To better appreciate the reverse current problem, note that the power supply rail for an integrated circuit's input/output (I/O) buffers will typically be protected by an electrostatic discharge (ESD) diode that couples from a buffer's I/O pad or terminal to the internal buffer power supply rail. Should an electrostatic discharge present a sudden application of positive voltage on the I/O terminal, the ESD diode becomes forward biased and safely discharges the electrostatic charge to the power supply rail. But suppose that the corresponding integrated circuit that includes the I/O terminal is powered down while another integrated circuit that interconnects to the I/O terminal is still operating. This additional integrated circuit may have a default mode in which it maintains the lead coupling to the I/O terminal at a positive voltage. The ESD diode will then be forward biased such that the power supply rail coupled to the I/O terminal will be charged to the positive voltage on the lead (minus a threshold voltage drop for the forward-biased ESD diode). The PMOS transistors in the integrated circuit having their sources coupled to the buffer power supply rail would then be conducting since their gates would be discharged due to the off state of the integrated circuit. Not only does this waste power but it also leads to erroneous operation or faults upon a subsequent powering up of the integrated circuit.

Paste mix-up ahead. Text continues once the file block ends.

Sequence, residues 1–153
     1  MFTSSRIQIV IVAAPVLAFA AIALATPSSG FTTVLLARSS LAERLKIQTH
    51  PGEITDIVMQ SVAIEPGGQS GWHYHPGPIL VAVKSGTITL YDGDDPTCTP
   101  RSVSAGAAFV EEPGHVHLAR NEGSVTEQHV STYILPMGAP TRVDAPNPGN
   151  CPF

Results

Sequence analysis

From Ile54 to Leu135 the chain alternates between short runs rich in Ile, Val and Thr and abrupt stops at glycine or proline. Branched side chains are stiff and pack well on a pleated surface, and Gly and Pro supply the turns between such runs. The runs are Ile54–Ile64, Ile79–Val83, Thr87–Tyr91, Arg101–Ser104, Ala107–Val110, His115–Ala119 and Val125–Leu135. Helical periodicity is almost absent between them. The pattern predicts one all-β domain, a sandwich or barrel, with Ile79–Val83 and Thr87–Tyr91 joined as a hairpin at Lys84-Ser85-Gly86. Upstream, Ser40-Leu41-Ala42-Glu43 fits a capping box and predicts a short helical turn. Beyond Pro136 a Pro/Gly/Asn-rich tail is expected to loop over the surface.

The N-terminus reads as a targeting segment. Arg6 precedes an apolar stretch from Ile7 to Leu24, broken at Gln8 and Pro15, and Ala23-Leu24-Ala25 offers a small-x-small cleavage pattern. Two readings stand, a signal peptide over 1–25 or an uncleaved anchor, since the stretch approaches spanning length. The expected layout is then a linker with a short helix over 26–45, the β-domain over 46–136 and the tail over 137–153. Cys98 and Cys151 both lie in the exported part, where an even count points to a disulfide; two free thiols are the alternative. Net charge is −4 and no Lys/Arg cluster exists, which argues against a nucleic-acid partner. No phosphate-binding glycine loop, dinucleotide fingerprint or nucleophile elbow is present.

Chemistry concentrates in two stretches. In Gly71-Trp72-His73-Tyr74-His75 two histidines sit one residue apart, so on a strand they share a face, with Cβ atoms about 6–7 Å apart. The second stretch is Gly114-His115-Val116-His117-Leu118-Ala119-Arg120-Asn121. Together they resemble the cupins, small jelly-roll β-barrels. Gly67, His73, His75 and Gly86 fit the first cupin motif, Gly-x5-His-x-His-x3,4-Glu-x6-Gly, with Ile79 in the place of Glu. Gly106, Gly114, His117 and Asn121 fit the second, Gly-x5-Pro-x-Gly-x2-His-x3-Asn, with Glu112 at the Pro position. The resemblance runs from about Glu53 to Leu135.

To address the reverse current problem, various approaches have been developed. For example, an integrated circuit such as an applications processor may be programmed to be aware of the state of other integrated circuits in the system. Should another integrated circuit be powered down, the processor would then discharge any leads it has that couple to I/O terminals on the powered-down integrated circuit. But such an approach burdens the user with having to program the processor accordingly. In another approach, external components may also be located in the signal path between integrated circuits to gate signals when an interconnected integrated circuit is powered down. Such external components increase manufacturing costs. Alternatively, an integrated circuit may be configured with a head switch that is switched off when the integrated circuit is powered down. This typically requires additional terminals and control signals, which raises manufacturing costs and complicates the design.